6: Site selection – Ignition Poker, for example, seems to have less 3bettors (at least at micros) than other online poker sites.
7: Change Stakes – If 3bet defense is an issue, move down in stakes so improving your 3bet defense skills is less costly. Also, lower stakes contain less aggressive 3bettors.
3bet Defense Ranges
If you use preflop ranges (such as my KISS Cash Game Ranges), they probably include 3bet defense hands for calling or 4betting. Of course, you can follow the ranges strictly and avoid critical thought by just playing as the ranges direct you to.
Listen to this podcast episode called “Mount a Solid 3bet Defense”
But, a critical concept that I teach all of my students about ranges is that you MUST NOT follow them blindly.
Your preflop ranges are there to help you make decisions because they tell you the hands that are mathematically acceptable to play in certain spots.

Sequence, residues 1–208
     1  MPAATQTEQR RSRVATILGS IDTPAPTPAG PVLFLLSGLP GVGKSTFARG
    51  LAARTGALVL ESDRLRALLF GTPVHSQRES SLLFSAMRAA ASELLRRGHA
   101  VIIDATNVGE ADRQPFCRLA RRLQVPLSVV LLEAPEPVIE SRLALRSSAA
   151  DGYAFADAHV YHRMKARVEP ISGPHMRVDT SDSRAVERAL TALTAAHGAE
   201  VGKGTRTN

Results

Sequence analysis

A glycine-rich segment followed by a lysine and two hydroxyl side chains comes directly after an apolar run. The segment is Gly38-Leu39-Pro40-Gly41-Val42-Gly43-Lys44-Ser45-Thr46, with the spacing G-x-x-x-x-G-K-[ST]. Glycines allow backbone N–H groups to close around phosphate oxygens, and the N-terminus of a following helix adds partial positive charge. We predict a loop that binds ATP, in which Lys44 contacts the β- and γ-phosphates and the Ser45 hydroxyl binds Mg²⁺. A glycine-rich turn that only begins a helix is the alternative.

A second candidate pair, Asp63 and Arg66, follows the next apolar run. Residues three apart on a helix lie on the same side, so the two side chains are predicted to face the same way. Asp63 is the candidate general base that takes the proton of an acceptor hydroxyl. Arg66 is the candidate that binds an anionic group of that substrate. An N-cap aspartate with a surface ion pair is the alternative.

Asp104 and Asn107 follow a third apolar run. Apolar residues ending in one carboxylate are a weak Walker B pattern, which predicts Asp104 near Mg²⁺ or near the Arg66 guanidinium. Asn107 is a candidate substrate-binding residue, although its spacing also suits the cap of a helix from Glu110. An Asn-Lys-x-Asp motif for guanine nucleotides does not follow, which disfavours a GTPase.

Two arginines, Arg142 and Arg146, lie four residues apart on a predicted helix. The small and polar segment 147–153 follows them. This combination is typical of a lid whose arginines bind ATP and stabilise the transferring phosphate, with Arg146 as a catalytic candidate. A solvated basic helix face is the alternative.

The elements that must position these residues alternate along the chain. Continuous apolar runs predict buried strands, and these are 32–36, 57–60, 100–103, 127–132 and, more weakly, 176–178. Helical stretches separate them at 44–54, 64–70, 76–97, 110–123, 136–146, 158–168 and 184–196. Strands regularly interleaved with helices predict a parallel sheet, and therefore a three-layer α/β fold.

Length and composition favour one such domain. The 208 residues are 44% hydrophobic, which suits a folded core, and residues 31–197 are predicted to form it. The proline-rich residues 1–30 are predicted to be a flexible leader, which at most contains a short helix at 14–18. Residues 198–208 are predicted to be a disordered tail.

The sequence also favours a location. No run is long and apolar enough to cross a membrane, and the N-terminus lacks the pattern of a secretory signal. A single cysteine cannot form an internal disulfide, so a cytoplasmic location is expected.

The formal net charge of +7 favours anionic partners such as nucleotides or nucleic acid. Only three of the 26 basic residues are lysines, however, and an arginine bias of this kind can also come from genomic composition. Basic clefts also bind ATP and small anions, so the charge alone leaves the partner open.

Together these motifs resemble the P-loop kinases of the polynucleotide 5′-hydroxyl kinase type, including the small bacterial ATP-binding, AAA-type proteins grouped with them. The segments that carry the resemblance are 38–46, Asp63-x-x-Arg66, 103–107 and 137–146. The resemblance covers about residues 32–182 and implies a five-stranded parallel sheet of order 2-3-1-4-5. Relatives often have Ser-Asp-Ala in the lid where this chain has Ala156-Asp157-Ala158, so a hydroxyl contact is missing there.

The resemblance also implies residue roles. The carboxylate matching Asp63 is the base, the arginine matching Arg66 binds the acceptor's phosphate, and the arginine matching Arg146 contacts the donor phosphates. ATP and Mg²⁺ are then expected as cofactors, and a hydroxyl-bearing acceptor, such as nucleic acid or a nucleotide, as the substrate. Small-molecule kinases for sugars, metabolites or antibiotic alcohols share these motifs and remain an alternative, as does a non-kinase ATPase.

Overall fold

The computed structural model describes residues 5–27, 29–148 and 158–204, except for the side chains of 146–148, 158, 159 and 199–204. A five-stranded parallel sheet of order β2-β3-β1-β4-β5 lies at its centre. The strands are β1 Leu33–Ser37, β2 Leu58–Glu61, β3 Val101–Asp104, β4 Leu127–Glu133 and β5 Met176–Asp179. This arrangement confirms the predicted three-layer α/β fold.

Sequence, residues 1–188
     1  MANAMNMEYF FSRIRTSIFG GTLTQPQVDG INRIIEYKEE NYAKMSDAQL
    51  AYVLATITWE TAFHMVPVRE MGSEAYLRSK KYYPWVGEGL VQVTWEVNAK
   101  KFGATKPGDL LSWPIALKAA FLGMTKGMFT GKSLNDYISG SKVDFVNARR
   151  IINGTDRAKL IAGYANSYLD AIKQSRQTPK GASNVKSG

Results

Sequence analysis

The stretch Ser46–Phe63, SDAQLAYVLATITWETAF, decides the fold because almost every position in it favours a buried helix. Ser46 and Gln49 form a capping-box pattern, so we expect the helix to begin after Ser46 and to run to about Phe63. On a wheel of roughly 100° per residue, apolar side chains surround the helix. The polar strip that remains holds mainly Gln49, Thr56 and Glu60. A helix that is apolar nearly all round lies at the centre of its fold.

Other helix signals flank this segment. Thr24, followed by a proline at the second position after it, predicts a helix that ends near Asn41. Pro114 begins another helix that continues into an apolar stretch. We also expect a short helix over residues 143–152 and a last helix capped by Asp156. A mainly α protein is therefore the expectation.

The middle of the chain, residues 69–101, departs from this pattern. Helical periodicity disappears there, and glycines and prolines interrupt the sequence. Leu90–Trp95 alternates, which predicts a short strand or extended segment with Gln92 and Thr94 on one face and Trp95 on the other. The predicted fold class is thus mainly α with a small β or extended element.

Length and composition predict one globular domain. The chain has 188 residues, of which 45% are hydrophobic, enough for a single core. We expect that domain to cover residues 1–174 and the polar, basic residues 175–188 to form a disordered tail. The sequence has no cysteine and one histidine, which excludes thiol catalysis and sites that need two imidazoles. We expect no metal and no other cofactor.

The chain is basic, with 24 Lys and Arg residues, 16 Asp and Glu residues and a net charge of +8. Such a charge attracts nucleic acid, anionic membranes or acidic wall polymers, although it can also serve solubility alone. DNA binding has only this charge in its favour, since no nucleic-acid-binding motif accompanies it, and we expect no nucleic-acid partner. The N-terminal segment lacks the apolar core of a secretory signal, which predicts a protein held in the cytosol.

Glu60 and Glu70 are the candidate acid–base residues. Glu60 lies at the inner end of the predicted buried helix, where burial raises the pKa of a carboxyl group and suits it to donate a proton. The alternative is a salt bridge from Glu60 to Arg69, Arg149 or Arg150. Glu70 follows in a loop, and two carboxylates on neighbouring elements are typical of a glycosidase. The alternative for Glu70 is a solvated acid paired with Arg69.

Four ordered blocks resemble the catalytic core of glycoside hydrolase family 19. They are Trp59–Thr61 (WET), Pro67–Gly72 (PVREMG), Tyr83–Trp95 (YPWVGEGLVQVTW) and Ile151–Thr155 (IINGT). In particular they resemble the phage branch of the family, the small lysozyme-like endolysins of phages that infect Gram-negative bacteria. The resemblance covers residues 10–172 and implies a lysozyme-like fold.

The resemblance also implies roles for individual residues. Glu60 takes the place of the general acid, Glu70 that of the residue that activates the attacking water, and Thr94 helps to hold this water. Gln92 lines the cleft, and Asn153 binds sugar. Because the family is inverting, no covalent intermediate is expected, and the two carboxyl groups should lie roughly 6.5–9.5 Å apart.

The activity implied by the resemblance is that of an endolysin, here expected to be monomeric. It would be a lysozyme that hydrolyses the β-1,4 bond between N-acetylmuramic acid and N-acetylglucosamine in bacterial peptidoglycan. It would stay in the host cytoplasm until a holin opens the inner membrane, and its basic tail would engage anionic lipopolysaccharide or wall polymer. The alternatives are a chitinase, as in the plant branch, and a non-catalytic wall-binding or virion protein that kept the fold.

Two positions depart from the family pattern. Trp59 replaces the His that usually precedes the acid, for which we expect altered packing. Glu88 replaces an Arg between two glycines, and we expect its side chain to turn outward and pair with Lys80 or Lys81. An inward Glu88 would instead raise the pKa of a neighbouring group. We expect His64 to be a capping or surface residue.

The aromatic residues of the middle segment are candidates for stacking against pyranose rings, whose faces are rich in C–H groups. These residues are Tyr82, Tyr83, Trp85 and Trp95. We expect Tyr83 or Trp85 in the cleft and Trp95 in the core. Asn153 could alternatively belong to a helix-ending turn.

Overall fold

However, there are some huge drawbacks to using ranges. Your ranges don’t know:
- Type of player that 3bet against you
- Player’s history of 3bet showdown hands
- Player’s 3bet-related statistics
- Size of the 3bet
- Size of the stacks involved
- How your opponent views you
So, your preflop ranges should be kind of a guide, but not the arbiter of your 3bet defense decisions. That’s up to you, as well it should be. You’re potentially committing 9bb’s or more by calling and 22bb’s or more by 4betting. Committing so many chips before seeing the flop must never be done lightly.
Your 3bet defense decision to either call or 4bet hinges on your opponent’s range and how your hand plays against it. So, the first thing you need to do is visualize the 3bettor’s range.
How do we visualize a 3bettor’s range?
The following 5 pieces of information are critical in helping you build a 3bettor’s range as either being extremely value-oriented or possibly containing 3bet bluffs.